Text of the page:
When anxiety grips you, it’s hard to think of anything beyond the reality of it. Your mind starts racing from one thing to the next and sooner than you think, a problem as small as a mistyped text message turns into the end of your marriage.
When you’re dealing with anxiety, it’s easy to jump to the worst conclusions, but those predictions borne of stress rarely come to fruition. It’s not always possible to make your mind stop, but you can intervene in your brain’s processing by practicing mindfulness meditation.
What is Mindfulness Meditation?
Mindfulness meditation, sometimes simply called mindfulness, is the practice of focusing your thoughts on the here and now instead of those “what if’s” and “what happens next” thoughts. The goal is to focus on your body and the world around you by merely observing it – without judging it as good or bad or trying to change it in any way.
While scientists and health care professionals aren’t 100 percent sure why mindfulness works, research from 2013 gives us a preliminary idea of what happens in our brains when we practice mindfulness. Researchers at the
Wake Forest Medical Center discovered that mindfulness works on two separate brain regions: the anterior cingulate cortex and the ventromedial prefrontal cortex.
The anterior cingulate cortex is the area of the brain responsible for thinking and feeling. When we meditate, activity in this area decreases. We’re able to put a dimmer switch on our emotions and stop over-thinking, even if for only short periods.
The ventromedial prefrontal cortex is the area responsible for controlling worrying. It stops us from thinking we’re going to die of cancer or respiratory failure when we have a simple cold (no matter what our frantic, late night Internet searching tells us). Practicing mindfulness, this area of the brain is better able to control our fears – irrational or not.
How to Practice Mindfulness
Like any learned skill, mindfulness is not mastered overnight. The more you practice it, the better you become at using it when you need to.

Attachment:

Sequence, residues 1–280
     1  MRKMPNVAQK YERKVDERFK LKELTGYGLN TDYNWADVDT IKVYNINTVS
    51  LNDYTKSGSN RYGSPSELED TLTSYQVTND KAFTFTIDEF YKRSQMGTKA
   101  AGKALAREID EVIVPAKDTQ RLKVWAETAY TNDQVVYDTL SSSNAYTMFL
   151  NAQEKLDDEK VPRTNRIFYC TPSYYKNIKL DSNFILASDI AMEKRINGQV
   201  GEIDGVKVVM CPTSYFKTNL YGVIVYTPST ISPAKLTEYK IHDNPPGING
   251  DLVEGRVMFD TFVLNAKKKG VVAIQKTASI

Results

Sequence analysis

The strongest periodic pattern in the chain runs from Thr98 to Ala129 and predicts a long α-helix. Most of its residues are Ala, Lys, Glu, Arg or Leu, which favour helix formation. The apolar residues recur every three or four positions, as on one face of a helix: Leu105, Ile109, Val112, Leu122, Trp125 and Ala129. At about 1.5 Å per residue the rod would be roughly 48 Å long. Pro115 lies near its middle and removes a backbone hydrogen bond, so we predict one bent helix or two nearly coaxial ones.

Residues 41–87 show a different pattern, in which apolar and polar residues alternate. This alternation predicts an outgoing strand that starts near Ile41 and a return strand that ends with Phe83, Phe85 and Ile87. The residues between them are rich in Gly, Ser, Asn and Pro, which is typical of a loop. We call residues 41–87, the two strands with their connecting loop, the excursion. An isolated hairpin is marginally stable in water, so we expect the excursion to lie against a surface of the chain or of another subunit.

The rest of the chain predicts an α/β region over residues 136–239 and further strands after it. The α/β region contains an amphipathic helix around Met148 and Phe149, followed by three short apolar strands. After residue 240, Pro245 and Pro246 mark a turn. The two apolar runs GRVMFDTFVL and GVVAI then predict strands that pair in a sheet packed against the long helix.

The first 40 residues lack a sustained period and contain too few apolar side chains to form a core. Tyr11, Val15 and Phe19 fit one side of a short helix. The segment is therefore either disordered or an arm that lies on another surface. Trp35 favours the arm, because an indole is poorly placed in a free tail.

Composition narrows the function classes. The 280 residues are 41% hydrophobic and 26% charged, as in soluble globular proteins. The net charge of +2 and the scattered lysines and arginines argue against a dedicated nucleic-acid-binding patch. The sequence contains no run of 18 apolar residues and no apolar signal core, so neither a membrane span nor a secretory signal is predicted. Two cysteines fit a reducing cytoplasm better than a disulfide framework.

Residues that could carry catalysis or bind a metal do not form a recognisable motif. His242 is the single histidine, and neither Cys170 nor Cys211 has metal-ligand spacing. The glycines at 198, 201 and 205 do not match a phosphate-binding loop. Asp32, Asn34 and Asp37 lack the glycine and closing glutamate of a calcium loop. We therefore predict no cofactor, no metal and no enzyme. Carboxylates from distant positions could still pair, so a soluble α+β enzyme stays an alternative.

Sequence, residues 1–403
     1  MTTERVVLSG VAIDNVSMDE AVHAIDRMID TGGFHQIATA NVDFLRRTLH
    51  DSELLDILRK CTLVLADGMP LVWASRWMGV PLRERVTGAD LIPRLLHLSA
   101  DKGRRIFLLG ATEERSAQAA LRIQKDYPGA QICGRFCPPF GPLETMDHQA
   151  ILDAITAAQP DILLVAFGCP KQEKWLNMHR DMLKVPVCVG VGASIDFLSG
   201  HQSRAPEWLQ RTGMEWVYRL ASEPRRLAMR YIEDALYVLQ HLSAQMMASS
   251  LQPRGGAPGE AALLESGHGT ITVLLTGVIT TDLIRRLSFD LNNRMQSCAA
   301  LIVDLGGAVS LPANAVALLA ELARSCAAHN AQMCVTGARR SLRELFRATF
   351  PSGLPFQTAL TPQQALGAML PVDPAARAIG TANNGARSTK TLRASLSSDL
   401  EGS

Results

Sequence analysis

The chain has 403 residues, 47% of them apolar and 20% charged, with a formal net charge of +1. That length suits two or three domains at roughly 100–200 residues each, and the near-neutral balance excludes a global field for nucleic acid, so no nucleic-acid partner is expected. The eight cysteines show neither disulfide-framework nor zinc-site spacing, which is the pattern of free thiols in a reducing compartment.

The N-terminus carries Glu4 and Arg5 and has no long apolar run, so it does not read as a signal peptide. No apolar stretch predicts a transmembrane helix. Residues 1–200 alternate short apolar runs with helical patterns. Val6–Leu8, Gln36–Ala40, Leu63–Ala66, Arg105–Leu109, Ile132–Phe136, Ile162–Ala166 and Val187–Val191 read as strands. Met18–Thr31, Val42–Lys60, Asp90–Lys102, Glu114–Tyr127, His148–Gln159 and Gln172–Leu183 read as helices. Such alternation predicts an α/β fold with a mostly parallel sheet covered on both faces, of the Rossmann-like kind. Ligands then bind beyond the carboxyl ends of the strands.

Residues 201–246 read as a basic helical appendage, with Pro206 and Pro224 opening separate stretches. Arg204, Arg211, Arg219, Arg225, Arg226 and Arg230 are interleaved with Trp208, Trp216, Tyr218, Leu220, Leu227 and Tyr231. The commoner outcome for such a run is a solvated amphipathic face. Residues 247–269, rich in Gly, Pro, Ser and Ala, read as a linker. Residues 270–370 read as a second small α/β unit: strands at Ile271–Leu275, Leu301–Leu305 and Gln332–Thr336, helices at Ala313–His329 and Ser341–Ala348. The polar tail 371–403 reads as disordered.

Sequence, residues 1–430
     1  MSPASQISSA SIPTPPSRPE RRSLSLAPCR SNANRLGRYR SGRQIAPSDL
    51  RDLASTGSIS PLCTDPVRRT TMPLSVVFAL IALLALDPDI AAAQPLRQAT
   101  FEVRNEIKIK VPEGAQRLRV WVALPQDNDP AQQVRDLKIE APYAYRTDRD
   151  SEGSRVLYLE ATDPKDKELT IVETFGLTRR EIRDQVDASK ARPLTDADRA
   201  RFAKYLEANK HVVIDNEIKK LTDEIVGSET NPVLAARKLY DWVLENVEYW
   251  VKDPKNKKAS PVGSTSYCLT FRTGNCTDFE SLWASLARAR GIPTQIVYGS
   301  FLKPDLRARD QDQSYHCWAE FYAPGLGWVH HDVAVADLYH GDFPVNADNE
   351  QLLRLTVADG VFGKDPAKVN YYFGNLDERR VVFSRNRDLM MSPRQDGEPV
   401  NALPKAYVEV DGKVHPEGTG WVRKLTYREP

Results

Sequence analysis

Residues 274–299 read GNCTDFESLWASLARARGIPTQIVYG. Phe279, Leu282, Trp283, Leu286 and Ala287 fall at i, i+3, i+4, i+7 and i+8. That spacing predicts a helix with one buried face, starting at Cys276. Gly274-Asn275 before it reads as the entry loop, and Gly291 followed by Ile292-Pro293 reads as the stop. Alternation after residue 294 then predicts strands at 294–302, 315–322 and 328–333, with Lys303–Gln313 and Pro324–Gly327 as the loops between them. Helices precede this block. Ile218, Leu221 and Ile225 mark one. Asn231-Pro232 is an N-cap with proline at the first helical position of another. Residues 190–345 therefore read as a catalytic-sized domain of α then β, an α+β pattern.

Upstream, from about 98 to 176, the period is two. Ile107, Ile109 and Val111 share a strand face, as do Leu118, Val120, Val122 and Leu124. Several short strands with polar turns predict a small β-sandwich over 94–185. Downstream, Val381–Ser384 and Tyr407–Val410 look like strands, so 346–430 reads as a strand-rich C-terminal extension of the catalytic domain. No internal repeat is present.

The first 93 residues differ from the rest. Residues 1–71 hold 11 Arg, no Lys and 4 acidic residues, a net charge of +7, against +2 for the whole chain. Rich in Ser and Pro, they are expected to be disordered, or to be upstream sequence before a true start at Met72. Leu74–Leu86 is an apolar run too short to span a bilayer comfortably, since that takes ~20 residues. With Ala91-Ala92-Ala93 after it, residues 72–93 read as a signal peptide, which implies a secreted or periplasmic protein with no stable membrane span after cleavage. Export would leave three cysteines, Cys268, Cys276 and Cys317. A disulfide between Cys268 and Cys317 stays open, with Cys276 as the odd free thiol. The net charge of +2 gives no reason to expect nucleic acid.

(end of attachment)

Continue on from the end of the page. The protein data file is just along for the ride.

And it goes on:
Start practicing mindfulness meditation when you aren’t in a social situation that’s got even the slightest potential to cause agitation.
Consider trying it while doing mundane household chores. For example, if you’re washing the dishes, you focus on the act itself, taking note of how you’re standing, how you hold and scrub each dish or cup, the sound of the running tap water, the smell of the dish detergent and the motion of putting each dish in the drainer. Don’t try to change or control any action or sensation – just notice what you’re doing and focus on it.
You don’t have to maintain an internal monologue when you practice mindfulness – and there’s no pressure to keep it going. Just try to keep yourself calm and observant of what you’re doing.
Using Meditation During an Anxiety Attack
Your health care professional has probably already informed you that you cannot control others or the world around you – that you’re only responsible for your own actions and reactions to what life throws at you. At its very core, this is what meditation is about: giving you the tools to let go of all the stuff other people say and do, the stuff you can’t control and the tools and ability to focus on the things you can control.
When you feel an anxiety attack coming on, focus on your breathing. Feel yourself breathing in and out. Don’t try to change it, don’t criticize or berate yourself for breathing too quickly or too shallowly. Just notice how you’re breathing. Being mindful of your breaths will often slow them naturally.
Choose something in your immediate area to focus on; slowly examine each of the item’s features. If you choose a tree, take note of the movement of the leaves, how the sun slides through the branches or how many shades of green you can see.
Don’t judge, don’t zone out. You want to be in the moment. Keep yourself present and observant. Eventually you’ll get through the anxiety and you can get back to feeling okay.
Mindfulness is Just One Tool
Meditation is a powerful tool for giving you back control of your body, your thoughts and your wits, but it’s just one of many tools available for dealing with social anxiety. And remember – what may work for you doesn’t necessarily work for the next person and vise-versa.
Meditation is not a substitute for regular visits to your mental health care professional; it’s not meant to replace any treatment regimen your health care provider has worked out for you. What it can do is augment therapy and any medications you take.
Speak to your health care provider about meditation and the work you’re doing with it to help manage your anxiety. If you’re having problems or can’t quite seem to master it, your doctor can help give you some pointers. Most mental health providers are familiar with basic meditation techniques and the benefits they offer and will support you trying a new, helpful coping mechanism.